Analyzing infectious disease data presents unique challenges for epidemiologists and biostatisticians. Unlike chronic diseases, for which a person’s risk depends only on their personal exposures and risk factors, the risk that someone will acquire an infection is inherently dependent on whether others in the population are infected. As such, traditional statistical methods that assume outcomes are independent cannot always be applied to infectious disease data, and novel statistical methods are often needed. Furthermore, to understand the potential impact of interventions, one must account for the non-linear feedbacks that give rise to population patterns of infection and disease. This requires blending epidemiologic methods with ecologic principles to develop models for transmission dynamics, models that play an integral role in our understanding of infectious disease epidemiology (Figure).
An excellent illustration of the synthesis of data collection, analysis, and transmission dynamic models is provided by Lipsitch and colleagues.1 The authors analyze longitudinal data of Streptococcus pneumoniae nasopharyngeal carriage among children from Kilifi, Kenya. The study design and data collection themselves represent a remarkable feat, with baseline assessment of the carrier status of 2840 children and multiple follow-up assessments of 1868 children who were positive at baseline.1–3 Analyzing these data to obtain unbiased estimates of the serotype-specific rates of acquisition, clearance, and resistance to competition for 27 unique pneumococcal serotypes presents a considerable added challenge. In addition to individual risk factors such as age, the children’s ability to clear colonization could depend on the resident serotype, how often they are exposed to someone shedding a different serotype, how resistant the resident serotype is to competition from other serotypes, and how good those serotypes are at competing. Thus, all the rates of interest are dependent on one another.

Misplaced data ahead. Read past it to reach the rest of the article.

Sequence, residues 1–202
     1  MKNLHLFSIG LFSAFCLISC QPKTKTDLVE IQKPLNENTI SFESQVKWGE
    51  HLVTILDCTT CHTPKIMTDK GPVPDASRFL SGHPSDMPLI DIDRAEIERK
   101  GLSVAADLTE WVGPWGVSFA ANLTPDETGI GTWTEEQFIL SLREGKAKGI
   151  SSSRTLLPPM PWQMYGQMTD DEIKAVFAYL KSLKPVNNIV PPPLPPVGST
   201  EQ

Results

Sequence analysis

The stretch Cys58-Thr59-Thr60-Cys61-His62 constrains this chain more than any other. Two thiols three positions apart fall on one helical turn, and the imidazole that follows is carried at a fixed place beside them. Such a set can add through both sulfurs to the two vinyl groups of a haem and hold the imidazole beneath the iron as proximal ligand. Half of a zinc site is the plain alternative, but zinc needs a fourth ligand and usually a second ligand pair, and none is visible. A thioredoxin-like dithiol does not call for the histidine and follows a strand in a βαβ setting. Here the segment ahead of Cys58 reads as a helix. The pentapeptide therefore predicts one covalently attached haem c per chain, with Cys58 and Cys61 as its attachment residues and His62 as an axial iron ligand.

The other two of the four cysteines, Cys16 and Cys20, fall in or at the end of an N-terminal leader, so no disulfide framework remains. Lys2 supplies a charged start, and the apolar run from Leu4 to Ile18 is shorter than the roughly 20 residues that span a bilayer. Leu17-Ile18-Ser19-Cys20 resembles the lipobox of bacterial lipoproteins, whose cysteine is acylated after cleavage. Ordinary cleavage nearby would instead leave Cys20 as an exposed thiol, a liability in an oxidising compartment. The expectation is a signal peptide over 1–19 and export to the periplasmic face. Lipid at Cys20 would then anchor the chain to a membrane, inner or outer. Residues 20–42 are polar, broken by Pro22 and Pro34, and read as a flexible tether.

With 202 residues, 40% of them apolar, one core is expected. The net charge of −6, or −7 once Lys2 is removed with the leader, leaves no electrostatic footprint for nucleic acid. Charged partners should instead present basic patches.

To address this challenge, Lipsitch et al. apply a Markov transition model.1 This approach allows them to estimate the competing risks of clearance of the baseline serotype and switching to each of the other serotypes. It also allows for estimation of the rate of acquisition for each of the 27 serotypes from the baseline prevalence distribution. This approach has considerable advantages over previous attempts to estimate serotype-specific parameters for S. pneumoniae, which were limited because they grouped vaccine serotypes and non-vaccine serotypes, estimated parameters for only a limited number of serotypes, assumed certain parameters were the same for all serotypes, or defined separate models for each serotype.3–9 The large, longitudinal cohort study conducted in Kilifi presents a unique opportunity to estimate these parameters, providing data that are essential for understanding competition and coexistence among pneumococcal serotypes.